Teaching in a small Catholic high school where the leadership team consists of a few members with no larger school district or bureaucratic system has its advantages and disadvantages. As a classroom teacher I am allowed a lot of freedom and ownership of my classroom. We are considered “professionals” who are hired in our expertise area. I can constantly reevaluate my instructional practices to focus on student learning and creating an environment that is conducive to collaboration and sharing. It’s easier to make changes in my own domain, but harder throughout the school or Archdiocese.
The disadvantage of this system is that teachers can become very isolated and focused on their own subject area. Socially, the teachers get along but there are various degrees of support or encouragement between departments and with other schools.
The one area of leadership that I would love to focus on is a shared vision for supporting student learning. I believe that this type of shared vision is essential for moving forward as a school. Are we engaging our students to be critical and passionate thinkers? Do our students have a love of learning and sharing? How are we assessing our students in authentic and relevant ways? While individually I am sure many of our teachers are addressing these questions – what are we doing as a school to encourage and create a shared vision among our whole staff and how are they being implemented? And another question I have for myself if “What is my role as a “traditional” technology instructor to infuse technology into every subject area and support learning?”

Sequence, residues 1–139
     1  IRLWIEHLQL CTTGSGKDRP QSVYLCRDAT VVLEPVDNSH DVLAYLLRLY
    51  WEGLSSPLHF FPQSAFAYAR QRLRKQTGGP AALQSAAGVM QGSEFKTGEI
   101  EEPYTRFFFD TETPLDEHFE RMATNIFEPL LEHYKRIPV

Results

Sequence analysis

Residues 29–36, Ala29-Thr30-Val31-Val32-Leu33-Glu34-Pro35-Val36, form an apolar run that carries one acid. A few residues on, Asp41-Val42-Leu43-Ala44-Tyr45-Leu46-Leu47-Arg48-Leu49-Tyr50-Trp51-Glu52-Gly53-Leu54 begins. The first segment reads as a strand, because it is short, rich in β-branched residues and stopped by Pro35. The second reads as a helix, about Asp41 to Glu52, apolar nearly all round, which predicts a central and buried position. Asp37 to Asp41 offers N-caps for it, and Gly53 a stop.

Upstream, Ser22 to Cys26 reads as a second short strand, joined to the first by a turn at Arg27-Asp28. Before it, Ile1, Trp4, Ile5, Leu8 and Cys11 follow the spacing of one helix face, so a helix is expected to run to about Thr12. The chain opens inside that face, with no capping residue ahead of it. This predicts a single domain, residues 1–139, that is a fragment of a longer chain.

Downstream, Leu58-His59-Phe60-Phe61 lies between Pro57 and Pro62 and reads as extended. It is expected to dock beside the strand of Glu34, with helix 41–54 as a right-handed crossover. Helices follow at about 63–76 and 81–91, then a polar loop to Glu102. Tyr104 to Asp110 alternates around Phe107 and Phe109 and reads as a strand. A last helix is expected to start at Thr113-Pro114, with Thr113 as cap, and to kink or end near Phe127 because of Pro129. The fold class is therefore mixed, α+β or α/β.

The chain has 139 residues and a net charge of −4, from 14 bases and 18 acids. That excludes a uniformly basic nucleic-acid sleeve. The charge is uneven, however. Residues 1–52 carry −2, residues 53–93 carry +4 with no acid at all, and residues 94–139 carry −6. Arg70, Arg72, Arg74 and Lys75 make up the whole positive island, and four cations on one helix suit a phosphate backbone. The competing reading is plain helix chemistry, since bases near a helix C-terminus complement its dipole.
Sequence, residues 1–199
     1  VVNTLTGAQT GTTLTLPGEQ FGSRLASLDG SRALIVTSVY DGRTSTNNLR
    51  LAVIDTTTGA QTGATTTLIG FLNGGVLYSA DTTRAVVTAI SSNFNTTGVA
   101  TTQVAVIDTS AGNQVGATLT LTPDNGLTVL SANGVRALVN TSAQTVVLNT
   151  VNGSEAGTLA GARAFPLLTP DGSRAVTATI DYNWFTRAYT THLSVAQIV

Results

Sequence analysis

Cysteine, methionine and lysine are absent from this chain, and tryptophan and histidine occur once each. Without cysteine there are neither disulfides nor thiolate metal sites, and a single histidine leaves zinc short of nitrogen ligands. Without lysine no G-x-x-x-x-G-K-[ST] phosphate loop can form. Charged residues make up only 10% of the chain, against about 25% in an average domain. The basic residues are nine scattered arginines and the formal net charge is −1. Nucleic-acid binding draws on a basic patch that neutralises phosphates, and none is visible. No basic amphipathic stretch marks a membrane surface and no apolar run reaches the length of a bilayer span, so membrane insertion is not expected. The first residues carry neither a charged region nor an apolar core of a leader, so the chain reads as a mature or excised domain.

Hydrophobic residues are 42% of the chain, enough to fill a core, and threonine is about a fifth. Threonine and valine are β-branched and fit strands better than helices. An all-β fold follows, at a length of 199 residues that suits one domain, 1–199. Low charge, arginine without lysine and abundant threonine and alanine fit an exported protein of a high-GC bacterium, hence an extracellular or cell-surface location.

I find it very challenging to lead from the middle of the pack. On one hand I want to model effective teaching practices using technology but without shared planning time or regular Professional Development – opportunities for sharing just don’t exist. Many students learn valuable technology skills in my classes and then have a hard time using those skills in other subject areas. Due to recent cutbacks, positions have eliminated from our school and funds for outside PD have been scaled back.
So, I guess this post really is what I hope to achieve as a “leader” in my school – especially in regards to technology and supporting student learning:
- I am thrilled to work with the middle school teachers this coming school year to systematically plan and infuse technology into the curriculum and give suggestions how it can support what the students are already studying. My dream would that this would be a model of how my “Computer Applications” course will be moved into the regular curriculum.
- With the help of a newly formed PD team, plan and conduct (optional) professional development workshops throughout the school year for our faculty – ones that focus not only on technology, but also on assessment, questioning strategies, Project Based Learning, etc..
- Share how being involved in my own PLN has shaped and challenged my own views of student learning and has encouraged me to grow as a teacher.
- Continue to attend the monthly Archdiocese Technology Teachers meetings and encourage this group to develop workshops that serve the entire Archdiocese.
As I am writing these, I am stuck how ambitious my plans are but I hope to create some sort of synergy and excitement around what we are trying to accomplish. One of my biggest take aways from NECC09 was the importance of community when conducting Professional Development. Our small school community has that advantaged – we already do have a sense of community – now to just to move our vision forward so we are all working towards the same goals.
Read more about Leadership Day 09